Robert R. “Rob” Dyson has been named chairman of the board of directors of the Indianapolis Motor Speedway Museum as of Jan. 21.
Dyson, of Millbrook, New York, is chairman and CEO of the Dyson-Kissner-Moran Corporation, a privately-owned international holding company. He is a noted motorsports team owner, winning driver and car collector.
Dyson has served on the IMS Museum board since 2011 and succeeds Tony George as the board chair, who was on the board for 35 years and has assumed the role of board chair emeritus.
“The entire board is extremely grateful to Tony for his leadership and commitment to the Museum,” Dyson said. “He has provided wise governance and vision through a lot of changes at the Museum, and thanks to his leadership, the Museum is in a great position to tackle the challenges and opportunities in front of us.”
Like many race fans, Dyson has a deep, personal connection to the Indianapolis Motor Speedway and its rich history.
“I have loved the Indianapolis Motor Speedway since 1962 when as a boy I watched my first Indy 500 with my father, in seats our family is fortunate to still have today,” Dyson said. “The Museum celebrates the brave drivers, historic competition cars and the related stories about this incredible place.
“The Museum not only provides race attendees the opportunity to broaden their knowledge of the Speedway and its history but serves as a year-round attraction, bringing visitors to Indianapolis from all over the world. Its extensive collection of Indy cars and related artifacts, stretching back to the earliest years of the Speedway, provides an immersive experience of the Speedway’s and the sport’s heritage. It’s an honor to be selected to head the Museum’s board.”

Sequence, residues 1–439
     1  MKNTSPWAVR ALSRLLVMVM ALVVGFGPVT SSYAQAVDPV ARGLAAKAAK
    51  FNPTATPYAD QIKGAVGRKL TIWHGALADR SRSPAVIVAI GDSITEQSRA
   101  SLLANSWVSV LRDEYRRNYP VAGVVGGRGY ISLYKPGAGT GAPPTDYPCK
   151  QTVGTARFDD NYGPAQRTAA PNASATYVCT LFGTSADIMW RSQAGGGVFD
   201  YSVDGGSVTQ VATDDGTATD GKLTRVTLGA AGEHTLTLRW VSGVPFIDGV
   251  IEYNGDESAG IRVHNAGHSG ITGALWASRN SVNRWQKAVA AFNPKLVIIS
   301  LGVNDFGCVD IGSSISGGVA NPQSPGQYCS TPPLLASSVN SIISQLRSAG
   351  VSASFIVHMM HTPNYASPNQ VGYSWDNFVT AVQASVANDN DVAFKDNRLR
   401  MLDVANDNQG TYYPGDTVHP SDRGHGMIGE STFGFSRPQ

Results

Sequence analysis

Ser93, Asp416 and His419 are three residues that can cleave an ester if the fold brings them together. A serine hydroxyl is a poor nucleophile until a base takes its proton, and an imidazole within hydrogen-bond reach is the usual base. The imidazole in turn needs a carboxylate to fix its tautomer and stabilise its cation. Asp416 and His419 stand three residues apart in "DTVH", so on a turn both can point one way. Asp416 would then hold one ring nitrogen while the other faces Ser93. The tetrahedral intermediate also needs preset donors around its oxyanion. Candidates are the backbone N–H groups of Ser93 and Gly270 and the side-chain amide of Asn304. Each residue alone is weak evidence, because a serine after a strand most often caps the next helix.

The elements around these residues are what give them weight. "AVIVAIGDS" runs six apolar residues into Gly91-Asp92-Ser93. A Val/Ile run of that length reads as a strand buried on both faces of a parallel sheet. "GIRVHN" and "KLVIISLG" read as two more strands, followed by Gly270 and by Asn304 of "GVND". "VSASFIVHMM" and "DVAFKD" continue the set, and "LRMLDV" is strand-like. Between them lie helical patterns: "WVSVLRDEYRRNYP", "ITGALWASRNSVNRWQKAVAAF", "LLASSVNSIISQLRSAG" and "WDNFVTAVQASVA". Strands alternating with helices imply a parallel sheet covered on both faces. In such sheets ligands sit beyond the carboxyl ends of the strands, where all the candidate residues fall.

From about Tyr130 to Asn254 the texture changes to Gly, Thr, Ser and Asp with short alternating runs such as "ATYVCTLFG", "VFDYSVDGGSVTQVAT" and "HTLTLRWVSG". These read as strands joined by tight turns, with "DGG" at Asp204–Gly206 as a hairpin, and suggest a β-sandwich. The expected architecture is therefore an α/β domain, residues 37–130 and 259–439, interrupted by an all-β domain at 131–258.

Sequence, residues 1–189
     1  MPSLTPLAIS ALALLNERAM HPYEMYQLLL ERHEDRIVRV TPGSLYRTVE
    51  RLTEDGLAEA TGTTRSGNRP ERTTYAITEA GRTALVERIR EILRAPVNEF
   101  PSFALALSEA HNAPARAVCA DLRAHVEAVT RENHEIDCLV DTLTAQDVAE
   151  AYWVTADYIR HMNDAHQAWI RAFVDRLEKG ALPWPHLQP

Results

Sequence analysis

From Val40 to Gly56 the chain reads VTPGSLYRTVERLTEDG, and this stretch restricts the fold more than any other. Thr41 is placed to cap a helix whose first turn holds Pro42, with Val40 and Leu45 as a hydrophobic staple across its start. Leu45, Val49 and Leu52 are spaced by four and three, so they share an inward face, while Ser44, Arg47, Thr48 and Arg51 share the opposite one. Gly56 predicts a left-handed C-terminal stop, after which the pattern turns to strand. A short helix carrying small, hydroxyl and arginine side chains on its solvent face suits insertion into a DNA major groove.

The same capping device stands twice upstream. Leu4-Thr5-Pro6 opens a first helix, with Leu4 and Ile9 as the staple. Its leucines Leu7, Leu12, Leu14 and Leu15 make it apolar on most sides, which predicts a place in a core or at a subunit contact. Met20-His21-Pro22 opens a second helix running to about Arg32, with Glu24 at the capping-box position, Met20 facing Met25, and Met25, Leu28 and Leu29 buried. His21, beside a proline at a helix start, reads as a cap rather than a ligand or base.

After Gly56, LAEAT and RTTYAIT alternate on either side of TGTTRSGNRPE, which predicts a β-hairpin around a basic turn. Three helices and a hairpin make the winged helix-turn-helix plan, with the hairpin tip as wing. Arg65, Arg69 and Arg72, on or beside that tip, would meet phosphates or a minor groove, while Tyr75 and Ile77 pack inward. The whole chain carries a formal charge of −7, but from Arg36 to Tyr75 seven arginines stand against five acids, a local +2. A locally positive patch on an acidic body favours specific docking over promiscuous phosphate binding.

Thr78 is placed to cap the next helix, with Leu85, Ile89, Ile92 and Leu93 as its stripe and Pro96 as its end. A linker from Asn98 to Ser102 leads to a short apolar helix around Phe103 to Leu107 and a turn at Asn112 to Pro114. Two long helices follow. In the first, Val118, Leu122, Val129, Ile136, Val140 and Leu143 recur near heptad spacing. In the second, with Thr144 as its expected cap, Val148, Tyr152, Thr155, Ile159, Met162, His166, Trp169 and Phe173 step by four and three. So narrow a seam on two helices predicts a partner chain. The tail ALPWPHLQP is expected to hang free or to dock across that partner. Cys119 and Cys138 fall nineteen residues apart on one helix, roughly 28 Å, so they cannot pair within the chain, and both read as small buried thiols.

Dyson’s personal Indy car collection includes historically-significant items such as the 1961 Kimberly Cooper Climax – the car that ushered in the “rear-engine revolution” at the Indianapolis 500, finishing ninth in 1961 with Jack Brabham driving – along with a 1913 Isotta Fraschini Tipo IM, and the 1978 Budweiser McLaren M24B driven by three-time Indianapolis 500 winner Johnny Rutherford.
His accomplishments as a driver include the 1981 Sports Car Club of America (SCCA) GT2 national championship and overall victory in the 1997 Rolex 24 at Daytona International Speedway.
Dyson has also been a longtime team owner, scoring a number of race wins and championships in the International Motor Sports Association (IMSA) series. It was a Dyson Racing Ford-powered Riley & Scott Daytona prototype that Dyson co-drove to victory at the 1997 Rolex 24.
More information on the IMS Museum Board of Directors is available by clicking here.
About the IMS Museum: The Indianapolis Motor Speedway Museum is home to one of the world’s premier motorsports and automobile collections, with interpretive emphasis on the Indianapolis 500 and its role as an American icon of sporting tradition and innovation.
Located inside the famed 2.5-mile Indianapolis Motor Speedway oval, the IMS Museum is a nonprofit 501(c)(3) organization that relies on the support of visitors, members, donors and corporate partners, who make possible our daily operations, exhibits, educational programming, and restoration and preservation initiatives.